In February 2011 I was part of the last UK parliamentary group to enter Syria, as the Arab spring began to spread through the region. When we returned home, we wrote a report for the then foreign secretary William Hague warning that the country could implode. It seemed likely that the Syrian people could soon join those in neighbouring countries and rise up against their government too.
We came to these conclusions not because of meetings with senior regime officials, but because of the couple of hours we were able to spend with young Syrians learning English at the British Council. After the government minder had his say, I treated the session as a focus group, and the young Syrians soon began to open up and speak out. The language they used, the frustrations they had and the dreams they held dear were the same we had seen bring revolution in Tahrir Square just a few weeks before.
The idea that the Syrian people yearning for freedom from a terrible dictator whose Alawite dynasty had oppressed the Sunni majority for decades are “terrorists” is a gross misrepresentation of the origins of the current conflict. The label has been used from the start by Assad’s government to justify brutally oppressing demonstrations against his government and demands for democratic change. Assad was murdering his people, and calling them terrorists, long before Isis or Jabhat al-Nusra had any role in the Syrian civil war.
The Assad regime has a seemingly infinite capacity for evil, and an inability to be touched by compassion. At the very best he is dangerously deluded about what is happening, and the atrocities he has ordered. But most likely he is a monster. Half the population of his country have been driven from their homes, more than 400,000 have now died and Assad is believed to be responsible for up to 95% of the casualties.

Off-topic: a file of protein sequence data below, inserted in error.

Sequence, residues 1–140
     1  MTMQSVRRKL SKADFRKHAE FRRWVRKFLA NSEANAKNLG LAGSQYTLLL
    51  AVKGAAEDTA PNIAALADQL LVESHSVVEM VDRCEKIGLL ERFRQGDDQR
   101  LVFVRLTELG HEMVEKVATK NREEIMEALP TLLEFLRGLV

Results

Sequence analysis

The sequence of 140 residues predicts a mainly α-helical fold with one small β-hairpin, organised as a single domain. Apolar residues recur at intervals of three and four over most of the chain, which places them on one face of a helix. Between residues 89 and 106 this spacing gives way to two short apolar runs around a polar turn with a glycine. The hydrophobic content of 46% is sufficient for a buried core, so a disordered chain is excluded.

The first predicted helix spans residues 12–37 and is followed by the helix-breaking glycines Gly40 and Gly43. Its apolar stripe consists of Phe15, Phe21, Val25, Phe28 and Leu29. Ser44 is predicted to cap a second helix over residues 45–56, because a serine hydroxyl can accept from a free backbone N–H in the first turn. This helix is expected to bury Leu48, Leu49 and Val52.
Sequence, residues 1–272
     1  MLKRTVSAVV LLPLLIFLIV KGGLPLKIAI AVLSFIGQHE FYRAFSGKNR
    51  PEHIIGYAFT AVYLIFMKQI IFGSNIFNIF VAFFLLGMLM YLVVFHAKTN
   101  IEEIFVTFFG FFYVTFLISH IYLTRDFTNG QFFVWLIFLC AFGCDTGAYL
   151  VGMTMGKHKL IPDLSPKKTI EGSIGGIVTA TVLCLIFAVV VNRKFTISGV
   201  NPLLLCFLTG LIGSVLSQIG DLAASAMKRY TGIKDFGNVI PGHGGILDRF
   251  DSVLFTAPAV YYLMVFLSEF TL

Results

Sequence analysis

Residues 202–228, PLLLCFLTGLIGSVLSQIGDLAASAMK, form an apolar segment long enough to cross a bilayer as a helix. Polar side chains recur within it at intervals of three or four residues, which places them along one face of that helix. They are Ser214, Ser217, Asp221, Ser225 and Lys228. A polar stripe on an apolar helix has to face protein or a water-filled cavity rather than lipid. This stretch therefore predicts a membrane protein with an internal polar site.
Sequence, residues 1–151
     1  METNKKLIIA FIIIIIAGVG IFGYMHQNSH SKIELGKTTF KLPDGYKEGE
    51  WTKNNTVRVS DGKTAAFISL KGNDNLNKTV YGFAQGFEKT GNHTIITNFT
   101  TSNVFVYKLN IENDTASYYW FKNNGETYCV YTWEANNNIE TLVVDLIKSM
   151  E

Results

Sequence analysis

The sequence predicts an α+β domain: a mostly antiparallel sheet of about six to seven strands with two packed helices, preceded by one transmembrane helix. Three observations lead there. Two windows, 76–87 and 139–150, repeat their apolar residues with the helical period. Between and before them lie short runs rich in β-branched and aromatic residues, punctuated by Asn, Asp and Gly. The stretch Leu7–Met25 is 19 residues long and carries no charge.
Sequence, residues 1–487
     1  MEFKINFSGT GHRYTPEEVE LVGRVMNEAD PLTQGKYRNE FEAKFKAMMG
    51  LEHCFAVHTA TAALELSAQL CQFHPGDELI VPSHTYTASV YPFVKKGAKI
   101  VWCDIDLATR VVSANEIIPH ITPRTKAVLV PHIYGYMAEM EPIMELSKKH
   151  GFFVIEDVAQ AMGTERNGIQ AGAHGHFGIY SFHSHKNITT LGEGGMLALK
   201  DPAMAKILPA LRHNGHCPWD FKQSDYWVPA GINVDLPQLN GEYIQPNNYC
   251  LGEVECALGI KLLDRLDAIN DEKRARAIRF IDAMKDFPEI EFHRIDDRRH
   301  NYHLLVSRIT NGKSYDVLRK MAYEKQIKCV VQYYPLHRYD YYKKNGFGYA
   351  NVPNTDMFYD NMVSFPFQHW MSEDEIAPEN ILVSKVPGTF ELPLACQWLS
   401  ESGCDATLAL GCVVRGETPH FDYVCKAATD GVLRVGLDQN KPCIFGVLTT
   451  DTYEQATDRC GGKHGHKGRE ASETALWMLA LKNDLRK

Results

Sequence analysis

His regime has rightly been criticised across the world, except by his backers in Russia and Iran, and sanctions against him and his cronies include a ban on their entry to European nations. There is one exception to this however: Assad’s wife Asma is still able to come to Britain because she retains her British citizenship.
British citizenship is an honour to hold, and should be highly prized. I know personally how precious citizenship of our great country is, as someone who was not British by birth. As one of her husband’s chief cheerleaders in his murderous campaign of oppression, Asma al-Assad is no longer worthy of British citizenship. Not when she has used her platform on social media to defend her husband, deny his use of chemical weapons and attack the west, while portraying life in the war-ravaged country as blissfully normal .
Syria is in its current state precisely because, six years ago, her husband refused to bow to the will of his people and give them the simple freedoms they requested. Hundreds of thousands have now died to protect the privileged position of Asma al-Assad and her husband. Thousands of children have died from bombs, bullets and sarin on the orders of the man she defends, while busying herself sharing propaganda photos with smiling children in schools.
Removing Mrs Assad’s citizenship is not illegal, because she is also a citizen of Syria. The home secretary has the power to do so when she believes it would be “conducive to the public good”. Asma al-Assad should never be welcome in our country again.